Purpose of the test
Cobalt is an essential element, as a component of cyanocobalamin (Vitamin B12). It is also used industrially in the manufacture of high-strength alloys used for cutting/drilling tools, in the semi-conductor industry and as a pigment. Dicobalt Edentate is used in the treatment of cyanide poisoning.
Analysis of cobalt concentration is of little use in the determination of vitamin B12 deficiency, but is useful to assess occupational and environmental cobalt exposure. Chronic exposure to inorganic cobalt salts, either by ingestion or inhalation of dust, causes respiratory distress, dyspnoea, pneumonconiosis, or can lead to cardiomyopathy. Inorganic cobalt can induce haemoglobin synthesis, as well as hypertriglyceridaemia and hypercholestrolaemia.
Cobalt is quickly cleared through the kidneys, and urine cobalt measurements are a useful indicator of recent exposure.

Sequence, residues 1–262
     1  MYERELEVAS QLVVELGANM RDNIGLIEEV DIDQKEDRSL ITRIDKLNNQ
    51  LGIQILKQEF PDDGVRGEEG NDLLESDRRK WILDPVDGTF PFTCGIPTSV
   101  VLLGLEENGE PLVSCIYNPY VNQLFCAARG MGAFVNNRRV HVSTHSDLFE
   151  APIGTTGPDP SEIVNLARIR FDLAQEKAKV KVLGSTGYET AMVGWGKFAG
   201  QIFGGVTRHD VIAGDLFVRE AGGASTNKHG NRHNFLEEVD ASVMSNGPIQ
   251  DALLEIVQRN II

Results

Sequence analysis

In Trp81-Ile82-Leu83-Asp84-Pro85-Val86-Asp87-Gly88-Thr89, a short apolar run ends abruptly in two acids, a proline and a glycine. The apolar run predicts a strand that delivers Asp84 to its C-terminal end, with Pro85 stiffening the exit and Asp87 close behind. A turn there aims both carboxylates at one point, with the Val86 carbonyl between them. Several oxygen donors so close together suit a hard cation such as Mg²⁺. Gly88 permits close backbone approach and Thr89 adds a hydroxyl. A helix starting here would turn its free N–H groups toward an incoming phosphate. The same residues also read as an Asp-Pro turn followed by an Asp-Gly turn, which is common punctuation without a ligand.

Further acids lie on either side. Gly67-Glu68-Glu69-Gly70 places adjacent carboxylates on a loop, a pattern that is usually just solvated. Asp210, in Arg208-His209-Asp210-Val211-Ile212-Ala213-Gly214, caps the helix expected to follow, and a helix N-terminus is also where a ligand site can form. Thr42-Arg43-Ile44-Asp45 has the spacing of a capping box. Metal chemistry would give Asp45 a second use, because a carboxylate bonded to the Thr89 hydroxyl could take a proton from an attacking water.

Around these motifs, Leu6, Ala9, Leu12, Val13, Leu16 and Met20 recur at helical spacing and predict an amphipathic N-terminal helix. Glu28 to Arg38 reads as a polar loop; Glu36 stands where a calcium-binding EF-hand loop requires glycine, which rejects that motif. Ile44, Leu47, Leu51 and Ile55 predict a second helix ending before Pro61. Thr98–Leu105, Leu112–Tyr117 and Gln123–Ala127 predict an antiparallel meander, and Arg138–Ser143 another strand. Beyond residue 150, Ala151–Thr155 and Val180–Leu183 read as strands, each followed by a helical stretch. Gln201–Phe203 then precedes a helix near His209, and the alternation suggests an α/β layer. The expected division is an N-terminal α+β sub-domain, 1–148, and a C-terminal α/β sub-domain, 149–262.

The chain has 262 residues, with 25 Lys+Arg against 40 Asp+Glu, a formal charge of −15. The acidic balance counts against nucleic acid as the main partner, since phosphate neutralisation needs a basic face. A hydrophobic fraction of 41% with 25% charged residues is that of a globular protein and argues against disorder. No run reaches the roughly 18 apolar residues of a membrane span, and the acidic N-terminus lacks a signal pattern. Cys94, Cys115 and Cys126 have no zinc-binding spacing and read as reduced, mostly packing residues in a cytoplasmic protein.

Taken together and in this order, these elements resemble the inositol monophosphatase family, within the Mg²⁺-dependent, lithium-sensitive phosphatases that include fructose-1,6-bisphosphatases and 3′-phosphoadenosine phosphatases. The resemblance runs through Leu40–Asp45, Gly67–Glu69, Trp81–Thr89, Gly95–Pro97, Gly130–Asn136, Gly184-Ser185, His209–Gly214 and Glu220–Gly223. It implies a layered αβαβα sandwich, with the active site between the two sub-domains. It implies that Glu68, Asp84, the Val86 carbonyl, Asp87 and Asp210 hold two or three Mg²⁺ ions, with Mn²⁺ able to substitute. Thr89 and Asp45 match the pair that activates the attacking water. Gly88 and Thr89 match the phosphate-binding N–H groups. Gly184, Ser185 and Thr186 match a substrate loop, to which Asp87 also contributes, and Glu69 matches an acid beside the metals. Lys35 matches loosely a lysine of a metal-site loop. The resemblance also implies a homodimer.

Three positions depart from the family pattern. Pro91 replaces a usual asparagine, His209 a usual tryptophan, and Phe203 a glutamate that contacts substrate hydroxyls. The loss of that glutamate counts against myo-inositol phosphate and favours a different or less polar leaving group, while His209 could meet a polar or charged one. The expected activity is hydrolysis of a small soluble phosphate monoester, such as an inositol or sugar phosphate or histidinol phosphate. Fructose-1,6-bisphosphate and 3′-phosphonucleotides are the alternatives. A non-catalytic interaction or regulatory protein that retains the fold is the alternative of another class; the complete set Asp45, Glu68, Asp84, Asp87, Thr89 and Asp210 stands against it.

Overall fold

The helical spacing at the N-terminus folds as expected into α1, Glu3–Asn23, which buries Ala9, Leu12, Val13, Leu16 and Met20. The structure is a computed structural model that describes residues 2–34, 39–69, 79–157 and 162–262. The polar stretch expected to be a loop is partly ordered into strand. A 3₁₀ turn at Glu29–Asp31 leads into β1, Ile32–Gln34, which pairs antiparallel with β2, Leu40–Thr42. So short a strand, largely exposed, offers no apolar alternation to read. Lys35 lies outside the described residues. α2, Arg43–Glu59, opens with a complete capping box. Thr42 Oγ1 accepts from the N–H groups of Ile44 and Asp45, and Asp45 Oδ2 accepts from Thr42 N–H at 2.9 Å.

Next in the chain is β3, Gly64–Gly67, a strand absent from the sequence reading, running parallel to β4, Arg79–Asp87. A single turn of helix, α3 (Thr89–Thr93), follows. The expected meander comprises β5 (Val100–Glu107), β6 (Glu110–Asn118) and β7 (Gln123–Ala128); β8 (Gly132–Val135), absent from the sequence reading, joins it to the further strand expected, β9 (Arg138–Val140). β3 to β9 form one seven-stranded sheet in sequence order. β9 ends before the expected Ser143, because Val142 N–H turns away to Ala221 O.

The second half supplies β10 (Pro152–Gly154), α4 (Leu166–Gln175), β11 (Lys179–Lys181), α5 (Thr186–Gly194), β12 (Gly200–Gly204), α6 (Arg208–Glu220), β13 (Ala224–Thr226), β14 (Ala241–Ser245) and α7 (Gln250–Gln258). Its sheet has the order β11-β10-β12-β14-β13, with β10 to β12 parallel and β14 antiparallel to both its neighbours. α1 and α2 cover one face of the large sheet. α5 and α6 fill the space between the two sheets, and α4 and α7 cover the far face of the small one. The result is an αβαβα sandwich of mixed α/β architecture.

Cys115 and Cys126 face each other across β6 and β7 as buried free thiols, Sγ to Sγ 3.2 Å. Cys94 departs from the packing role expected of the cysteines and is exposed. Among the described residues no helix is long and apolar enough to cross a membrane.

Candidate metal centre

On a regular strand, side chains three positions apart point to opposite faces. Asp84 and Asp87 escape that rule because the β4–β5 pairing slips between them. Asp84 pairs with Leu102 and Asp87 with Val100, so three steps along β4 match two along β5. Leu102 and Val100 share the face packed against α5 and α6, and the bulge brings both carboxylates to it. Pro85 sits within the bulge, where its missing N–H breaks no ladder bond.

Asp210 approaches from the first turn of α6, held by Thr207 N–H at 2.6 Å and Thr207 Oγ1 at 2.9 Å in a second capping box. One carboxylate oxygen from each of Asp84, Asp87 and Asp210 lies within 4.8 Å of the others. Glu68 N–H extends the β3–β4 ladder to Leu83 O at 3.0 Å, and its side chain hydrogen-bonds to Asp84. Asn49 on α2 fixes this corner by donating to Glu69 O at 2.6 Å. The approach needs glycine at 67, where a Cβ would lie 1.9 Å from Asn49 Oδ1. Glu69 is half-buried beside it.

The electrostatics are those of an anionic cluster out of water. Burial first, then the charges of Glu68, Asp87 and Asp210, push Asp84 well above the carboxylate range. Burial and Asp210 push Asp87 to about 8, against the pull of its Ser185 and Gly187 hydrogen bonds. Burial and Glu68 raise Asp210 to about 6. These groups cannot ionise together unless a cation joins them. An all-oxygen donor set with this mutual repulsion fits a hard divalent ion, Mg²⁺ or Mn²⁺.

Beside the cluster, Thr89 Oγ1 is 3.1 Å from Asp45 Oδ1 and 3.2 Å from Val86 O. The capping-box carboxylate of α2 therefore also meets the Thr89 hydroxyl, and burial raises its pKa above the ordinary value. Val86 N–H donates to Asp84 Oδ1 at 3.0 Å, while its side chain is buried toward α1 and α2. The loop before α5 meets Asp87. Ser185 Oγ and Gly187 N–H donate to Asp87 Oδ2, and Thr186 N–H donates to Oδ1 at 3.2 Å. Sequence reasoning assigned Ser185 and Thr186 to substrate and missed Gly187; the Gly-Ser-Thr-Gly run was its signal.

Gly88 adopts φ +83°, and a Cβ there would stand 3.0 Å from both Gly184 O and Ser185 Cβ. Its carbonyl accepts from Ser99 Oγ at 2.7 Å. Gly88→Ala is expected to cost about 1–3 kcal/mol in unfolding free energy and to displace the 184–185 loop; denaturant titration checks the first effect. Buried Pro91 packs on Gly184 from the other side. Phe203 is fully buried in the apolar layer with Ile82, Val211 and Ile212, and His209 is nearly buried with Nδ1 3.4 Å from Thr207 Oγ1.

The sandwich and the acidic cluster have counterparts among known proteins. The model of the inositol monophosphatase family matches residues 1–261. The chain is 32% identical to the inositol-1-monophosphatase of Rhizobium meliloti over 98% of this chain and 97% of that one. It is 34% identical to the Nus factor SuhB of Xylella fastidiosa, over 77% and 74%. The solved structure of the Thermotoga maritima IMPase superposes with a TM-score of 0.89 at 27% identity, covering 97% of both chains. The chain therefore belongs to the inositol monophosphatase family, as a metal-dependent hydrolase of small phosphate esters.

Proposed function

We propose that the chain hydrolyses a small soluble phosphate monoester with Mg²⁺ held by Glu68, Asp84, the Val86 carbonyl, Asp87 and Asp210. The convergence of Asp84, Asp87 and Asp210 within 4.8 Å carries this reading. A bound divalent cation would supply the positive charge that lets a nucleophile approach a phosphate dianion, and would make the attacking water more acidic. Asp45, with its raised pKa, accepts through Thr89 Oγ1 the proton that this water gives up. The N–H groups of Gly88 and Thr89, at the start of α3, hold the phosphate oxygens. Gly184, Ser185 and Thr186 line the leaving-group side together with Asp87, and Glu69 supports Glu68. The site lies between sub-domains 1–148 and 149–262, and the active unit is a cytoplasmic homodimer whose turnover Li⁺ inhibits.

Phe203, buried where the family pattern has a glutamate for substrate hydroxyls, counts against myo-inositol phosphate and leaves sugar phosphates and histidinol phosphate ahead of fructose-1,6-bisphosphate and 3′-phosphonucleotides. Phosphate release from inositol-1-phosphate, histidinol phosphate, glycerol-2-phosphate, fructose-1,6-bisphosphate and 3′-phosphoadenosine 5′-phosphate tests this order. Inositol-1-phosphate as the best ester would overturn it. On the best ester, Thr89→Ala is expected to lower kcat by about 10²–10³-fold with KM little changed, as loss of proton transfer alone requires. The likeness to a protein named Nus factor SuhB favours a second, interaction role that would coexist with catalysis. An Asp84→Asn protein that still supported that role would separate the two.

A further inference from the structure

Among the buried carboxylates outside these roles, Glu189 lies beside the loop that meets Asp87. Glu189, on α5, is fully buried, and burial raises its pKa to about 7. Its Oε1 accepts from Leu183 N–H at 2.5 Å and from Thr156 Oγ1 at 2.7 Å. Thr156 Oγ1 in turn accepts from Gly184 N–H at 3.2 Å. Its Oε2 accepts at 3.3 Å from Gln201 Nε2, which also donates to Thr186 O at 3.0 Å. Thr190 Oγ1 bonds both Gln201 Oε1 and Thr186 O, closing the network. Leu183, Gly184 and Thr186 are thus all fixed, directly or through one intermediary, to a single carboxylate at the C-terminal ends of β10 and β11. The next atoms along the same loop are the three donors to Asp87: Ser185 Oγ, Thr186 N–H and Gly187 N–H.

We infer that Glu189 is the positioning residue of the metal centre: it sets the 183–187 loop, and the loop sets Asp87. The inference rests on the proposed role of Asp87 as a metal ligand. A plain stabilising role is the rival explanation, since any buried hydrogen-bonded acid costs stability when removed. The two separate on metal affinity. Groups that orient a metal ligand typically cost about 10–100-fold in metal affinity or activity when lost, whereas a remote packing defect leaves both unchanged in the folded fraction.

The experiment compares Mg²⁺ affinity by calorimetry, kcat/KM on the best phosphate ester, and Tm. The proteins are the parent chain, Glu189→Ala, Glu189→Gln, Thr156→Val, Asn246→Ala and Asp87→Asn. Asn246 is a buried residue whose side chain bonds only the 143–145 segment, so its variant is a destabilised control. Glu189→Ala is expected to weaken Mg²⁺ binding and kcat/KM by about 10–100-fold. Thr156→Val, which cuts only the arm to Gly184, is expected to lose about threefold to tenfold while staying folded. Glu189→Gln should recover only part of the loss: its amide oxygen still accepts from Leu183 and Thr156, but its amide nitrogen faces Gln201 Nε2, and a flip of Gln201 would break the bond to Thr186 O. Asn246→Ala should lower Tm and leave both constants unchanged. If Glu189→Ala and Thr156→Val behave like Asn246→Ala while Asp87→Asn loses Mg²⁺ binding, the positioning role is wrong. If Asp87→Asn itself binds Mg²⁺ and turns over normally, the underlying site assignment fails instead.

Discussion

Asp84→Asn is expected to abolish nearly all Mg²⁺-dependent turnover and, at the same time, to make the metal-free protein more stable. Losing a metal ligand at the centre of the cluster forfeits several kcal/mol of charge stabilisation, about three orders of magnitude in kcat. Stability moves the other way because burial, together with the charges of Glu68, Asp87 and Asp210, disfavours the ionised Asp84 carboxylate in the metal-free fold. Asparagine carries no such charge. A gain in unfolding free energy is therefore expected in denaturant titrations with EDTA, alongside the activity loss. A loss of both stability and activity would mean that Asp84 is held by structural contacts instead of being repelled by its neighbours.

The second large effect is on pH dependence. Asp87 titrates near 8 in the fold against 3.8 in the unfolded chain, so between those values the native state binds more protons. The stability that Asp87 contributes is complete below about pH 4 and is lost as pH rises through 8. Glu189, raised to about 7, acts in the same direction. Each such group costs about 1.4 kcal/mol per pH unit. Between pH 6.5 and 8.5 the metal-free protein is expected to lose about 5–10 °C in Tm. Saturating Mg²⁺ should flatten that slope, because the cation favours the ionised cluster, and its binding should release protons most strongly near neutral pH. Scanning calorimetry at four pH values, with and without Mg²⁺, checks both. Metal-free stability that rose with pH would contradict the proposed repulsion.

Serum/plasma: <1.7-6.8 nmol/L
Blood: <10 nmol/L
Urine (24h): <22 nmol/L
Random urine: <1.6 nmol/mmol creatinine
N.B. Concentrations increase with occupational exposure, throughout the working day/week, but tend to normalise within 2-3d of exposure ceasing.
Serum/plasma (500 µL)(anticoagulant-free, heparin)
Blood (1mL) (EDTA, heparin)
Urine: random (20 mL) or 24h collection (acid-washed container)
Storage and Transport
Stable at 4°C for at least two days. Send by overnight first class post.
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Dr Kishor Raja
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